A New York Times article on October 26, 1974, about the protests over the choosing of a chairman for the new Puerto Rican Studies Department is illustrated with a photo of students, some of whom are seen carrying signs that say PAPA KNELLER MUST GO. The article says that student supporters of Prof. Maria Sanchez, who had been passed over for the position despite being recommended by a faculty/student search committee, "a group of students occupied the office of the president, John W. Kneller, last Friday demanding her appointment."
It was a difficult time to be a college president, the 1970s, and by the end of the decade and his tenure at Brooklyn College, the faculty council (we served for two years as a student representative on the faculty council's curriculum committee and so attended more contentious meetings than we would have liked) had passed a "no confidence" resolution regarding Dr. Kneller's administration, and he was eventually replaced by a more hard-line but much less well-liked college president.
After his resignation, Dr. Kneller, in an interview with the New York Times on December 3, 1978, acknowledged shortcomings in his administration, but said many of its problems were caused by vindictive faculty members who were unable to obtain special favors:
"We've proven by the record of our students and the record of our faculty that we were able to perform our function in the City of New York and maintain our excellence under the most adverse conditions," he said, referring to the city's fiscal crisis and its devastating impact on the City University. . .
"We've had our successes but we've also had our failures". . . Turning to his accomplishments, Dr. Kneller pointed to the fine reputation of many departments, including art, chemistry, psychology and the School of Performing Arts, as well as the creation of new ones, such as women's studies, computer science and Puerto Rican studies.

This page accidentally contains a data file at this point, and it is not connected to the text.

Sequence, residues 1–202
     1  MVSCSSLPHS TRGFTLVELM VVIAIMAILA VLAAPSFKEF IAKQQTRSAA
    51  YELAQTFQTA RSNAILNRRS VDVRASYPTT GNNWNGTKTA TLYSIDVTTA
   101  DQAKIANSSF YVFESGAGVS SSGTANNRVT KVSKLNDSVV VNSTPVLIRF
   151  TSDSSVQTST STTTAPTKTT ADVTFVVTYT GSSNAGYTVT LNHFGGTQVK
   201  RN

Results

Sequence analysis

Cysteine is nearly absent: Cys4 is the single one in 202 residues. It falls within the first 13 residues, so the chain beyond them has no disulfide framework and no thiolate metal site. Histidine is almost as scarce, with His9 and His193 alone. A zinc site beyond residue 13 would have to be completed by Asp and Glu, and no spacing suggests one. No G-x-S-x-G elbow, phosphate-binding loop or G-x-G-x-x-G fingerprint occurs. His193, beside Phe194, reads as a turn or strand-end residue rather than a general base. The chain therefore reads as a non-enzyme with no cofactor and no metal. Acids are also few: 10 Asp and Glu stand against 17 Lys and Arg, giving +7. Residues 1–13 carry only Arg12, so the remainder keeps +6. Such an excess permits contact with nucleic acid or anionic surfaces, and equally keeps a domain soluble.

He noted with pride that Brooklyn College students had among the highest acceptance rates to medical school and law school and that they had achieved the highest score in the nation on the Dental Admission Test last spring.
Looking ahead, Dr. Kneller approached his return to teaching with enthusiasm. "I think it's a marvelous opportunity, and it's the way I'd like to spend the rest of my career."
"It's never been a question of whether I'd leave the presidency, but when."
Jack Kneller was basically a nice guy. We were invited to his house on Marlborough Road on a few occasions. He was a great father to his daughter, an acquaintance of ours, and he loved horses and was a great rider.
He was a kindly, friendly man who had a long and distinguished career as professor of French literature, first at Oberlin College and then at Hunter College and the CUNY Graduate Center. He served as associate editor of Yale French Studies and editor-in-chief of The French Review. He wrote seminal criticism of the authors Gérard de Nerval and Henri Peyre, but for us, Dr. Kneller's insights into Marcel Proust's masterpiece In Search of Lost Time were particularly brilliant.
We asked Borough President Marty Markowitz for a comment and he wrote us:
I graduated Brooklyn College in 1970 and Dr Kneller's service began in 1969. My memories of him while I was President of Evening Student government took place on campus during the height of the anti Vietnam and Black Empowerment movement. His passing saddens all of us.
Dr. Kneller dedicated a decade of his life to Brooklyn College, and he and his family were great supporters of the Brooklyn Botanic Gardens and other Brooklyn cultural institutions. We will miss him.